Vamp camp 

With titles like “Color Me Blood Red” and “The Erotic Adventures of Robin Hood” under his belt, the sales pitches definitely crackled. Ultimately, it was up to hungry audiences to decide if they were eating prime rib or snout membranes.

When shooting a film titled “Bikini Vampire Babes” in a conservative state shaped like a frying pan, a filmmaker can expect to feel a little heat.

“Most people thought we were making porn,” said co-writer/director/ producer Ted West. “But once you got past that, people were generally very friendly and helpful.”

As if clarification were needed, he explained his inspiration for a horror comedy about a sultry vampire who enters bikini contests to make ends meet: “First, we identified our target audience: guys 16 to 60. What do they like? Girls in bikinis!” Armed with his skimpy, two-piece brainchild, West sought the aid of his longtime professional confidant, Margaret Root, who shares writing credit. Both are commercial photographers by day with a collaborative relationship dating back to the ’90s. That alliance expanded during their leap from still images to moving pictures.

“We just jumped into this feet first,” said Root, who noted that despite their moviemaking inexperience, the creative energy flowed unabated. “We have a great working relationship. Ted had been talking about making this movie for quite some time. He can just talk about something, and it will just spark a bunch of ideas in my head.”

Said West, “Creatively, we’re on the same page. We feed off each other’s ideas and input.”

The duo spent more than a year hammering out the script. Taking two beloved film conventions (vampires and scantily clad ladies), the title suggests a throwback to the mash-up films West and his brother enjoyed as kids at Norman’s Boomer and Sooner theaters: cross-genre pollinations like “Abbott and Costello Meet Frankenstein” and “Jesse James Meets Frankenstein’s Daughter” that purportedly offered up the best of at least two worlds.

“‘The Valley of Gwangi’ has cowboys and dinosaurs. What a fun movie!” West said.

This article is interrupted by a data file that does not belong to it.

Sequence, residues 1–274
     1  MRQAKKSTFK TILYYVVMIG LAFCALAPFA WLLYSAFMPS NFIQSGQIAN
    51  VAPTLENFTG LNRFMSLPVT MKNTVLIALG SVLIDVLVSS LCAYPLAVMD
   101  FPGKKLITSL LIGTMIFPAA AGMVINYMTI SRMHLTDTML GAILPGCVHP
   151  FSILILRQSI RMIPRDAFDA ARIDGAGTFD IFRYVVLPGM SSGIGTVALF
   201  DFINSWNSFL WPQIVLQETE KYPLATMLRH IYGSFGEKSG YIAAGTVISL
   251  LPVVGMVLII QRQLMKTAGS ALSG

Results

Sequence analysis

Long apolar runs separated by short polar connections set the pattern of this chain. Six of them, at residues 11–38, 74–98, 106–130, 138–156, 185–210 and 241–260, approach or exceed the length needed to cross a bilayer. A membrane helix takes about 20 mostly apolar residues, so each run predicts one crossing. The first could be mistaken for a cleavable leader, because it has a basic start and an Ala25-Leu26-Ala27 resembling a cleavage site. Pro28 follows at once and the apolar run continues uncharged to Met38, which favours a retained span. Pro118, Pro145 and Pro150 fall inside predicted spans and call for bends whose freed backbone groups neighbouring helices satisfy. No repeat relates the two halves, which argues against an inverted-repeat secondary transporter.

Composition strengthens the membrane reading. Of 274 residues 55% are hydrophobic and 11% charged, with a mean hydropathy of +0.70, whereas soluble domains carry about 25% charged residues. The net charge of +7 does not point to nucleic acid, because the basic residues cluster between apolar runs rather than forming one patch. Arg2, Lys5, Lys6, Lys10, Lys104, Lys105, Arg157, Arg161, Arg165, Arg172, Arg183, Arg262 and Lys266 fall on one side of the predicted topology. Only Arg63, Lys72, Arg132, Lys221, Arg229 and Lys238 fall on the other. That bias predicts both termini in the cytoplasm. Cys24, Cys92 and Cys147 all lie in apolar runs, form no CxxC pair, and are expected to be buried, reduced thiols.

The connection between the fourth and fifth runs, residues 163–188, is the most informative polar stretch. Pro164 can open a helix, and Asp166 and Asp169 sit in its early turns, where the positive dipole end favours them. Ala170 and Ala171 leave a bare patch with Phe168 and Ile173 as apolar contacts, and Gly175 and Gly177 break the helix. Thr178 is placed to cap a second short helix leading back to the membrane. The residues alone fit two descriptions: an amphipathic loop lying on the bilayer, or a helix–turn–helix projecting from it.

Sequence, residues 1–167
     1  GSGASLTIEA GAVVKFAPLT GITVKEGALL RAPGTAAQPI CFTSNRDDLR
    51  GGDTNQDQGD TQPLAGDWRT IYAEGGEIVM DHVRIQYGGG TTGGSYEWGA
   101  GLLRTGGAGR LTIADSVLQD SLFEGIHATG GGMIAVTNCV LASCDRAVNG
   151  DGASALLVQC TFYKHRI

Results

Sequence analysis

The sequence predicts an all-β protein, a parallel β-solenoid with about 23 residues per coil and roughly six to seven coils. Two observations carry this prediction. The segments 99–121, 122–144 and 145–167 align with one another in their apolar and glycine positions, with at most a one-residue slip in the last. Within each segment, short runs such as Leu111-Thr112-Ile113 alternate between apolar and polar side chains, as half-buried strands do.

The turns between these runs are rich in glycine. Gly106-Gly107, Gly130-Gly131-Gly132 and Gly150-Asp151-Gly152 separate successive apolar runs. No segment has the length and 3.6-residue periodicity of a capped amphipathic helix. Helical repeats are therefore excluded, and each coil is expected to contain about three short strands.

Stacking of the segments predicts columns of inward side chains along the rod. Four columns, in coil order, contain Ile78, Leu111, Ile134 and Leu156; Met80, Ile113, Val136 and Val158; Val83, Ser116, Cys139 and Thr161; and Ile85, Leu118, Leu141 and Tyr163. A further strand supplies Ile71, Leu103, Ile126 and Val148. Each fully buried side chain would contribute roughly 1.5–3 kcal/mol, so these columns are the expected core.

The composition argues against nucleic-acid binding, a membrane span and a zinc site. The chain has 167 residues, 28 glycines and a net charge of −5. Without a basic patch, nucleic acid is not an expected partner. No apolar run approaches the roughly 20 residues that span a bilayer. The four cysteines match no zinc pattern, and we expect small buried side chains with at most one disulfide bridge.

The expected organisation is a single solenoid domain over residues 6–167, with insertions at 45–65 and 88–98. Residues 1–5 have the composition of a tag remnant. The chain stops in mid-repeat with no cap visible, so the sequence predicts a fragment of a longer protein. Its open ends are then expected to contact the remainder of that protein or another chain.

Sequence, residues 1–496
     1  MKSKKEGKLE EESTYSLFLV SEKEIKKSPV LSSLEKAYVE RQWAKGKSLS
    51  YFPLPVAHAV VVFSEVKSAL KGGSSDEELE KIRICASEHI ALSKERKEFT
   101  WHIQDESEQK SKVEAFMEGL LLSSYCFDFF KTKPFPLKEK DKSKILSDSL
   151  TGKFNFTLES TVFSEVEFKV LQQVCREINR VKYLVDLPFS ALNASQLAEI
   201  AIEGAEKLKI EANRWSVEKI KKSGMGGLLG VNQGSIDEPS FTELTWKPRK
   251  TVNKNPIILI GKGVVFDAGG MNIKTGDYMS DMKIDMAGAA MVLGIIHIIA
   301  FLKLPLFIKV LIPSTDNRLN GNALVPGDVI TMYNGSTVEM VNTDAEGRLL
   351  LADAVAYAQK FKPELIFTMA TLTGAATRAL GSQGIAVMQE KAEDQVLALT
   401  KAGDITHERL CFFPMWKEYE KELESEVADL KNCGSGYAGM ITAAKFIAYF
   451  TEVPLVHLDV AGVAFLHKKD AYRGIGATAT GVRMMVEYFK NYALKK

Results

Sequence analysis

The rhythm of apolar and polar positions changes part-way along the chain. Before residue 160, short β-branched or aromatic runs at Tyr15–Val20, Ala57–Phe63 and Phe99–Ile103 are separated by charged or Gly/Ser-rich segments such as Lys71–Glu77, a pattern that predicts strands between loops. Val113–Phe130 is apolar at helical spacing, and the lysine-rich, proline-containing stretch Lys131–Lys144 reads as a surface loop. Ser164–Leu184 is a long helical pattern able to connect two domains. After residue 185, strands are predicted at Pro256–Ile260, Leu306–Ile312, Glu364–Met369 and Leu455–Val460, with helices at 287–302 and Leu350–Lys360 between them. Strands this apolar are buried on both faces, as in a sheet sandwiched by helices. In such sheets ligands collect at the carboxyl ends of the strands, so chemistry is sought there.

Root strips “Bikini Vampire Babes” to its bare essence: “It’s a comedy,” she said. “Plus, it’s a bikini movie.”


But the journey from written word to your DVD player is an arduous one, particularly in a
city that, regrettably, earned a reputation for removing movies from
said player. (“The Tin Drum,” anyone?) Thankfully, the decision to make
“Bikini Vampire Babes” an Oklahoma production turned out to be the right

“The whole experience was a mixture of anxiety and a good time,” said West.

Agreed Root, “All of it was a lot of fun. But understand that it was a lot of work, and involved lots and lots of time.”

they had lots and lots of local help. With little exception, the cast
and crew were comprised entirely out of Oklahomans. With $75,000 coming
out of West’s own pocket, the production certainly qualified as
low-budget. But that didn’t hinder their professional approach. It was
shot entirely in HD over 12 days. Permissions were granted, releases
were signed.

People thought we were making porn.

—Ted West

in Oklahoma is really pretty easy,” he said. “Most people here are
really nice. And if you just communicate what you’re doing, they’ll help
you out.

While Oklahomans helped make it a logistical dream, artistic ambitions were given a reality check.

to time and budget constraints, there were lots of compromises. But you
couldn’t get hung up on it or nothing would get done,” said Root.

Now that it’s done and the DVD is pressed, the daunting task of finding distribution looms.

problem faced by us and all independent filmmakers is marketing and
distribution,” said West. “Getting your film in front of your target
audience and giving them a chance to purchase or rent your film is one
of the many hurdles facing independents today.”

foreign distribution remains a top priority, domestic needs are being
met online at and Amazon, not to mention local
boutiques like Size Records. If it sells, a sequel is assured. And an
optimistic West likes his odds.

around 2,174,605,518 men aged 15 to 64 in the world,” he said. “Surely
we can move 8,000 to 10,000 units to these guys.”

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